You need to take into account the terms of your marriage contract when you draft your will, because if, on your death, they clash, the marriage contract overrides the will. 

David Knott, a fiduciary specialist at Private Client Trust, a division of Private Client Holdings, says estate planning always needs to take into consideration the regime under which you are married: in community of property, out of community of property, the terms of your ante-nuptial contract (with or without accrual), and even the laws of the country in which you were married.

Knott says that if you are married in community of property, you cannot leave your assets to whom you like, because you own only half of them – the other half are owned by your spouse. Likewise, he says that if you are married out of community of property but with accrual, on your death a calculation must be made as to the growth of both estates, and the partner whose estate has grown least has a claim against the other’s estate. If the claim is against the deceased spouse’s estate, this will affect the distribution of assets in terms of the will.

Knott offers an example of how things can go wrong with estate planning if you do not factor in the terms of your marriage contract.

“A man dies, and in his will he bestows one quarter of his estate to his wife and the rest in equal shares to his three children from his previous marriages.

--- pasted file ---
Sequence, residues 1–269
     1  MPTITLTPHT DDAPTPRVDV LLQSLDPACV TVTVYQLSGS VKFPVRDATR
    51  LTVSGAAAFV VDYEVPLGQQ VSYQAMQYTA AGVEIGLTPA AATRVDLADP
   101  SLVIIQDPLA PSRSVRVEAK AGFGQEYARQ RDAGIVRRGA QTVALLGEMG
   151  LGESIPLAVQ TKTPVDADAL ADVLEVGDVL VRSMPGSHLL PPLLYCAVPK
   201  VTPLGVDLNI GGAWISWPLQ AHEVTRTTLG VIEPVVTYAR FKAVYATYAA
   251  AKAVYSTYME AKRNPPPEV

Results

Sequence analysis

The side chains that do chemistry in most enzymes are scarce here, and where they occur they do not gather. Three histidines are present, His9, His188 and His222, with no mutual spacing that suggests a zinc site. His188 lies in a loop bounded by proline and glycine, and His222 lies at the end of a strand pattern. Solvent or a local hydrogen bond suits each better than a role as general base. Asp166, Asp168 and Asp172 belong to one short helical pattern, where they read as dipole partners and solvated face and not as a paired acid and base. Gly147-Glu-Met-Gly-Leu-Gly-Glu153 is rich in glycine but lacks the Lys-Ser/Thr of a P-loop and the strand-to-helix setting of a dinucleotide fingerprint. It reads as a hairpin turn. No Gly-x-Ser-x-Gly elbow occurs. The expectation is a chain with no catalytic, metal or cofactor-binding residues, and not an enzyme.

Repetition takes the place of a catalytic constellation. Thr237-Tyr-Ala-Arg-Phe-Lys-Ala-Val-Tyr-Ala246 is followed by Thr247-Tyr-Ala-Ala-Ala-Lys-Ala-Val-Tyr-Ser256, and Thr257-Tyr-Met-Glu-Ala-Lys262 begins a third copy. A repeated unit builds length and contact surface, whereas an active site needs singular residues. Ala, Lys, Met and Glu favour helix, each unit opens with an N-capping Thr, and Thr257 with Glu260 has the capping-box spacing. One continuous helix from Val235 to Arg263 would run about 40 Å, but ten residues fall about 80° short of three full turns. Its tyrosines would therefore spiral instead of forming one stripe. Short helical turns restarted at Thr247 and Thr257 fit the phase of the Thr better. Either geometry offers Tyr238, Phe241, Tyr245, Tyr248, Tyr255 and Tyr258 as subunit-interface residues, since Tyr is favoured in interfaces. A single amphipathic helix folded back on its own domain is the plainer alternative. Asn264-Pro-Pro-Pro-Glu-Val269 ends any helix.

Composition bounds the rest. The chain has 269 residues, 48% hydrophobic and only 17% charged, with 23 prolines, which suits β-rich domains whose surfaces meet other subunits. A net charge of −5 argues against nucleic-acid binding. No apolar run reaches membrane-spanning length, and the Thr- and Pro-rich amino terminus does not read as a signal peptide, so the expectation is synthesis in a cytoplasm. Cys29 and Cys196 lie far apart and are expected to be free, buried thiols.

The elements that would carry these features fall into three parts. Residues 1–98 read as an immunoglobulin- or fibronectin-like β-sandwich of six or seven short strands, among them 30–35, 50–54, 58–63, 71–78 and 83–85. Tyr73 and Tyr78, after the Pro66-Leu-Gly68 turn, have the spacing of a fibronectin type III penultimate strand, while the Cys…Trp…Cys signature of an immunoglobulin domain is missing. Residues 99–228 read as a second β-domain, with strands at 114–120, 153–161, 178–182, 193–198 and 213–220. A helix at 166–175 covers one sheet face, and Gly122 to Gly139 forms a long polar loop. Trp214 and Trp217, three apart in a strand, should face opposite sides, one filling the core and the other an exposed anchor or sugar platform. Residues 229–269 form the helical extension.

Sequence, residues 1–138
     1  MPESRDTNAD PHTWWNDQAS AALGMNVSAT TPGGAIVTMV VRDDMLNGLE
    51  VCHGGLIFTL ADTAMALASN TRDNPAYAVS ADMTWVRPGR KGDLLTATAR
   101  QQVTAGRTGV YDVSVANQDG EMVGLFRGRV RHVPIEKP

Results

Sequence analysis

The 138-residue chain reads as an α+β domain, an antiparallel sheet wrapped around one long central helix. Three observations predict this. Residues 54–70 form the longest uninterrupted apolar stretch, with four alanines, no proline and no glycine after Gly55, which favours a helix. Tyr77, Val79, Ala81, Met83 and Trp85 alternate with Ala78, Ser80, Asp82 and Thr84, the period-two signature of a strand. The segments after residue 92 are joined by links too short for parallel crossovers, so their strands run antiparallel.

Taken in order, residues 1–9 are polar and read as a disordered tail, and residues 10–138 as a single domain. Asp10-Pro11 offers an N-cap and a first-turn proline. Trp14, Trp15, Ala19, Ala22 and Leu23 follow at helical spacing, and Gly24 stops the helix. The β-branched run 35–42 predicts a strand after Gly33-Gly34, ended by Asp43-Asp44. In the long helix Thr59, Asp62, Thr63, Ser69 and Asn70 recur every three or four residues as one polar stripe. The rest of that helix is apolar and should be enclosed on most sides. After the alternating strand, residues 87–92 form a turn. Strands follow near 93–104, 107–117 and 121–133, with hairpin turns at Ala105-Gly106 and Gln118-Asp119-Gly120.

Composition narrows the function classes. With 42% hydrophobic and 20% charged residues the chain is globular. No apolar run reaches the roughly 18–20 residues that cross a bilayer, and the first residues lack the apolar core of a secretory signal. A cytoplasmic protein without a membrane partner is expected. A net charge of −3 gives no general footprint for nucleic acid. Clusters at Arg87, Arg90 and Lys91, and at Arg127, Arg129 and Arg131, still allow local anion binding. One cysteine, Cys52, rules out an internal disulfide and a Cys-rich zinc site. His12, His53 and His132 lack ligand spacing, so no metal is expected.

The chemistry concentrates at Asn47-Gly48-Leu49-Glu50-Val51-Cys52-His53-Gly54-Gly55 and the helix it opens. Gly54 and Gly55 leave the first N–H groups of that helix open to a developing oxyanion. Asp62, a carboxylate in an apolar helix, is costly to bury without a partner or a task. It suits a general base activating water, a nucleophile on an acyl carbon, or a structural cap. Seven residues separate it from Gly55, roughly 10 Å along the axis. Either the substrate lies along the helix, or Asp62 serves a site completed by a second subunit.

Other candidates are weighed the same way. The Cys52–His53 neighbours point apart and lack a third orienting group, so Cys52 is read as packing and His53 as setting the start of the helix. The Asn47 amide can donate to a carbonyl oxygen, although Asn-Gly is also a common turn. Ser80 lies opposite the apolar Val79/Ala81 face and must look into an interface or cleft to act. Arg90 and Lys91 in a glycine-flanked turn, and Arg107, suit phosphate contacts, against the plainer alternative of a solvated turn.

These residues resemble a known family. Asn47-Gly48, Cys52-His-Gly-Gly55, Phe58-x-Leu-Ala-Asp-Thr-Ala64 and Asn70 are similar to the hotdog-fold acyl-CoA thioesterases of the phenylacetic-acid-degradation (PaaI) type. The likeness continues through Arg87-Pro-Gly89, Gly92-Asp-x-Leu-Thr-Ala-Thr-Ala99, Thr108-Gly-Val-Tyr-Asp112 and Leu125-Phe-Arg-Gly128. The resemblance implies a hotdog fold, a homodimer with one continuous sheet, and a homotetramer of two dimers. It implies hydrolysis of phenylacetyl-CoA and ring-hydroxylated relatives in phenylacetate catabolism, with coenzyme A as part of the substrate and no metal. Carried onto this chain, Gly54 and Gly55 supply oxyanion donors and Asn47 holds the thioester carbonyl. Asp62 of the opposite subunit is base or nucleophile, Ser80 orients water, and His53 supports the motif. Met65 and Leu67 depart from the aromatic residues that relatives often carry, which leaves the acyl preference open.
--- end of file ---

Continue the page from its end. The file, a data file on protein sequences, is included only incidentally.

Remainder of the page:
“However, when this man was drafting his will, he forgot that he had entered into an ante-nuptial contract with accrual, which gives rise to a claim against his estate by his surviving spouse. The result is that his wife inherits five-eighths and each of his children inherit one-eighth – far from what he had intended in his will.”

There are many issues that can change the way your estate is distributed – despite your clear last wishes. 

“The preparation of a valid, workable will requires a skilled estate planning expert who is fully aware of all the problems that may arise should you not take your marriage contract into account. In this way, you can ensure that your estate is shared among your intended heirs without undue problems and strife,” Knott says.